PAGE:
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Premier Magazine, August 1914

The Sword of Islam

by Rafael Sabatini


Ordinarily Dragut Reis—who was dubbed by the Faithful "The Drawn Sword of Islam"—loved Christians as the fox loves geese. But in that summer Of 1550 his feelings acquired a far deeper malignancy; they developed into a direct and personal hatred that for intensity was second only to the hatred which the Christians bore Dragut.

The allied Christian forces, under the direction of their emperor, had smoked him out of his stronghold of Mehedia; they had seized that splendid city, and were in the act of razing it to the ground as the neighbouring Carthage had been razed of old.

Dragut reckoned up his losses with a gloomy, vengeful mind. He had lost his city; and from the eminence of a budding Basha in the act of founding a kingdom he had been cast down once more to be a wanderer upon the seas.

He had lost three thousand men, and amongst them the very flower of his fiery corsairs. He had lost some twelve thousand Christian slaves—the fruit of many a desperate raid by land and water. He had lost his lieutenant and nephew, Hisar, who was even now a captive in the hands of his inveterate enemy, Andrea Doria. It is little wonder that he lost his temper, too. But he recovered it quickly, that he might set about recovering the rest. He was not the man to waste his days in brooding over what was done. Yesterday and to-day are but as pledges in the hands of destiny.

So he returned thanks to Allah, the Compassionate, the Merciful, that he was still alive and free upon the seas, with three galleasses, twelve galleys, and five brigantines; and bent his energetic, resourceful, knavish mind to the matter of making good his losses. Meanwhile, he had been warned by the Sultan of Constantiaople, the Exalted of Allah, that the Emperor Charles, not content with the mischief he had already wrought, had, in letters to the Grand Seignior, avowed his intent to pursue to the death "the pirate Dragut, a corsair odious to both God and man." He knew, moreover, that the emperor had entrusted the task to the greatest seaman of the day—to the terrible Admiral of Genoa, Andrea Doria, and that the Genoese was already at sea upon his quest.

Now, once already had Dragut been captured by the navy of Genoa, and for four years, which it afforded him little satisfaction to remember, he had toiled at an oar aboard the galley of the admiral's nephew, Gianettino Doria. He had known exposure to heat and cold; naked had he been broiled by the sun, and frozen by the rain; he had known aching muscles, hunger and thirst; filthy crawling things, and the festering sores begotten of the oarsman's bench; and his shoulders were still a criss-cross of scars where the bo'suns' whips had lashed him to revive his flagging energies.

All this had Dragut known, and he was not minded to renew the knowledge. It behoved him, therefore, to make ready fittingly to receive the admiral.

And by way at once of replenishing his coffers, venting a little of his vengeful heat, and marking his contempt for his Christian pursuers, he had made a sudden swoop upon the south-western littoral of Sicily. Beginning at Gergenti, he carried his raid as far north as Marsala, leaving ruin and desolation behind him. At the end of a week he stood off to sea again with the spoils of six townships and some three thousand picked captives of both sexes.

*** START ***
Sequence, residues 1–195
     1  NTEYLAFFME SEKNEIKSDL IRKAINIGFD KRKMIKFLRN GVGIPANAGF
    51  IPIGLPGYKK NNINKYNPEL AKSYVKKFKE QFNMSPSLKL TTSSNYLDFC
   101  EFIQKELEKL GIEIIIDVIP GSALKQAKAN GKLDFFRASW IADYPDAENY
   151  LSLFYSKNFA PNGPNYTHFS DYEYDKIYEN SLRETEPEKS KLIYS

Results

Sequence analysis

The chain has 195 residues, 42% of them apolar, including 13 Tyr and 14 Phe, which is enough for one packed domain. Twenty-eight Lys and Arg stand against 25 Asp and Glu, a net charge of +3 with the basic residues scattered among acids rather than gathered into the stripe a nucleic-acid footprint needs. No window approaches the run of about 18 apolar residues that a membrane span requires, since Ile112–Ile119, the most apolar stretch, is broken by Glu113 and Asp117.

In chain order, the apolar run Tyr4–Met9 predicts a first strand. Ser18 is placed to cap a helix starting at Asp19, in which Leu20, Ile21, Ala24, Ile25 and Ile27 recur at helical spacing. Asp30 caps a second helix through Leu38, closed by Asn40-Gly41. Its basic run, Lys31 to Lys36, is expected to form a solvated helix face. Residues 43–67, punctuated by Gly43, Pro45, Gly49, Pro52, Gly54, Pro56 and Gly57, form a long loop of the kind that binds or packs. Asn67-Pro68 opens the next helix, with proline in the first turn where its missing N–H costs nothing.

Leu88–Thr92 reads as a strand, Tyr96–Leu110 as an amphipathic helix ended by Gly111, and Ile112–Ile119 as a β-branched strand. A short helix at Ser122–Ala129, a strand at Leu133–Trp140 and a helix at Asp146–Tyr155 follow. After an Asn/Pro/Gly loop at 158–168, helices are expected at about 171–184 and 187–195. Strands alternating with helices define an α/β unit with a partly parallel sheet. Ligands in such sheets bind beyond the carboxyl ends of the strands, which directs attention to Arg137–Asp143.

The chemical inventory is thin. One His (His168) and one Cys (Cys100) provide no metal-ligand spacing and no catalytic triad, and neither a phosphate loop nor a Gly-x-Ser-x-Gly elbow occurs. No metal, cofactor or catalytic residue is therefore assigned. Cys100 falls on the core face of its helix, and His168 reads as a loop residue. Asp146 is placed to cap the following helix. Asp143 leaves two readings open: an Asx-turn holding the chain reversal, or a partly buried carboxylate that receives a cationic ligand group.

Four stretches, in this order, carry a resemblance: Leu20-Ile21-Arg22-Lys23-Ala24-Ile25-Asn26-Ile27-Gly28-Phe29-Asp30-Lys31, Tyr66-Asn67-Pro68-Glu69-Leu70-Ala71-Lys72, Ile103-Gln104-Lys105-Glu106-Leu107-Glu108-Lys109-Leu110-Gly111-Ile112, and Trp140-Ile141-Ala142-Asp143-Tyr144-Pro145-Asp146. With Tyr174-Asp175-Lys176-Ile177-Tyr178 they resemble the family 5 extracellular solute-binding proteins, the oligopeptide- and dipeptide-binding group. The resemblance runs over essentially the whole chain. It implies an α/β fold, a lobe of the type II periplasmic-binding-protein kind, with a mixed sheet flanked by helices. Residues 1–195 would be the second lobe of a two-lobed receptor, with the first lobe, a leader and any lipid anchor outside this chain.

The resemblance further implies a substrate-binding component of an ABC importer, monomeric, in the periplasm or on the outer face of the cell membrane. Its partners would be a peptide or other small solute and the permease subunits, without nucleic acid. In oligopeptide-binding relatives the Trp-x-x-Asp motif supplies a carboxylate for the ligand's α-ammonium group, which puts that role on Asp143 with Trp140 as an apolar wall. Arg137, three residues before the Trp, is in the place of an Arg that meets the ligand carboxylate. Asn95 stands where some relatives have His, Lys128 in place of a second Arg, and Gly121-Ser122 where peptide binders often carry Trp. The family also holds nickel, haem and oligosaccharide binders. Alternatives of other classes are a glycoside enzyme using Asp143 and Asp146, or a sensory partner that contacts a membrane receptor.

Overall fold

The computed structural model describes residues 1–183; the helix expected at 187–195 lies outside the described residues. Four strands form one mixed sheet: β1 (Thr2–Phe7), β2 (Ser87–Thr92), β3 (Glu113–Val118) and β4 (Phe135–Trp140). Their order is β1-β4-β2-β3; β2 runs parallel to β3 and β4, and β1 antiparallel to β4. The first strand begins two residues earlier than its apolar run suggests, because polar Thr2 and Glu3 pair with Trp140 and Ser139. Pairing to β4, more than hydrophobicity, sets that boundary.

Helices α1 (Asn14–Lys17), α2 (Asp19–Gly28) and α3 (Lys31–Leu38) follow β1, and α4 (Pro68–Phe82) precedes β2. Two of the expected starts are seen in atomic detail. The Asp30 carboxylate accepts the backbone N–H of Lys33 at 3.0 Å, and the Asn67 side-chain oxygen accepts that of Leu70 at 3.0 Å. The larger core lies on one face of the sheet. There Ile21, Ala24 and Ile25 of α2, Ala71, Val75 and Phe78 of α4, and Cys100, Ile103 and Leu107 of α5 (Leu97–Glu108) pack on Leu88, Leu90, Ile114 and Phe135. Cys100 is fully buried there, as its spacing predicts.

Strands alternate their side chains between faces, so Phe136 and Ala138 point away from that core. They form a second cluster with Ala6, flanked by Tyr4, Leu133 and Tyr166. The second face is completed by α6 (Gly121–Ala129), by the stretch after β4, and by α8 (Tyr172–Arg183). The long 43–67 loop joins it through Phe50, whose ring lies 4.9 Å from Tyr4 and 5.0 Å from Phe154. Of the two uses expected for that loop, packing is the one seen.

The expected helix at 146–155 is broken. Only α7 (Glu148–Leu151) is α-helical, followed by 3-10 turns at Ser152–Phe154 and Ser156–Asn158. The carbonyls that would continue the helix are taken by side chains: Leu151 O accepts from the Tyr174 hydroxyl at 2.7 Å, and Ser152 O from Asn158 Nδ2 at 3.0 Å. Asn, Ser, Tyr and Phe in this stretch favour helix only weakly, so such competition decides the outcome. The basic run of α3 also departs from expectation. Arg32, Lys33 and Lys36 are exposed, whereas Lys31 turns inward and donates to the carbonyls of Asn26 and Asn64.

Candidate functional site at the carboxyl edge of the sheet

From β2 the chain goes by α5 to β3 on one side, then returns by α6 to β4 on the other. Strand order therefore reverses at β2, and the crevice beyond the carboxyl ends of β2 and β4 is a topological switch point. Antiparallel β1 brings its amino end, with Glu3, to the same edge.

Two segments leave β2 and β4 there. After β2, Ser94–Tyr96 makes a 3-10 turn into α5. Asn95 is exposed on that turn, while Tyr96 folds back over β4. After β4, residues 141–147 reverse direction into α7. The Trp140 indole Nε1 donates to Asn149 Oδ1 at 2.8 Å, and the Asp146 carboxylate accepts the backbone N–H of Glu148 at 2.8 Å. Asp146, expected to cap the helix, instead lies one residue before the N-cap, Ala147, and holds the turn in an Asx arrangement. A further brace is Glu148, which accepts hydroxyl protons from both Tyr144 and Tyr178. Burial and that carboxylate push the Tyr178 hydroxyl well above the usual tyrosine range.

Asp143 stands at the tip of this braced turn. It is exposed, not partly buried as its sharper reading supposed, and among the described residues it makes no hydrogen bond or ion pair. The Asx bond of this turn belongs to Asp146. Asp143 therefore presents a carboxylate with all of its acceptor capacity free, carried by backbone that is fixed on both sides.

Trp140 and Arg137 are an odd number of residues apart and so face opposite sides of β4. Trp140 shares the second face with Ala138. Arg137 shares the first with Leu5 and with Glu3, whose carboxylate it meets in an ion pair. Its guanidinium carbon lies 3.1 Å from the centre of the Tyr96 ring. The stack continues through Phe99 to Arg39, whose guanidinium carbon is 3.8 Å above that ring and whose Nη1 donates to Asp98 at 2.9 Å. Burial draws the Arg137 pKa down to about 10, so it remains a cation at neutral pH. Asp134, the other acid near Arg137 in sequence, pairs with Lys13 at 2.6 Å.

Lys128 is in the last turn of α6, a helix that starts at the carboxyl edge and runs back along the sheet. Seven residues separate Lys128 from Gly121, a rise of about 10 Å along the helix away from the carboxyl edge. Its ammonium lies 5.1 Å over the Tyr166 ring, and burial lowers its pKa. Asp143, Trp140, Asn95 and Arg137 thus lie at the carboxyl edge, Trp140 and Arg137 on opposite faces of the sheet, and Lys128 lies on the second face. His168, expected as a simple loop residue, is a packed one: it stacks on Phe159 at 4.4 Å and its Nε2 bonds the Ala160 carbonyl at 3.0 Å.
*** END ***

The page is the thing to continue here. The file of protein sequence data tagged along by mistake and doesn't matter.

He would teach the infidel Christian dog to allude to him as "the pirate Dragut, a corsair odious to both God and man." He would so, by the beard of Mahomet!

He put the captives aboard a couple of galleys, in charge of his lieutenant, Othmani, and dispatched them straight to Algiers, to be sold there in the slave market. With the proceeds Othmani was to lay down fresh keels. Until these should be ready to reinforce his little fleet, Dragut judged it well to avoid encounters with the Genoese admiral, and with this intent he kept a southward course along the coast towards Tripoli. Towards sunset of the day on which Othmani's galleys set out alone for Algiers, a fresh breeze sprang up from the north and blew into the corsair's range of vision a tiny brown-sailed felucca, as it might have blown a leaf in autumn. It was hawk-eyed Dragut himself who, lounging in the poop of his galley, first sighted this tiny craft.

He pointed it out to Biretta, the renegade Calabrian gunner, who was near him.

"In the name of Allah," quoth he, "what walnut-shell is this that comes so furiously after us?"

Biretta, a massive, sallow fellow, laughed.

"The fury is not hers, but of the wind," said he. "She goes wherever it blows her. She'll be an Italian craft."


"Then the wind that blows her is the wind of Destiny. Haply she'll have news of Italy."

He turned on his heel and gave an order to a turbaned officer below. Instantly the brazen note of a trumpet rang out, clear above the creak and dip of oars. As instantly the rowers came to rest, and from the side of each galley six-and-twenty massive yellow oars stood out, their wet blades glistening in the evening sunlight.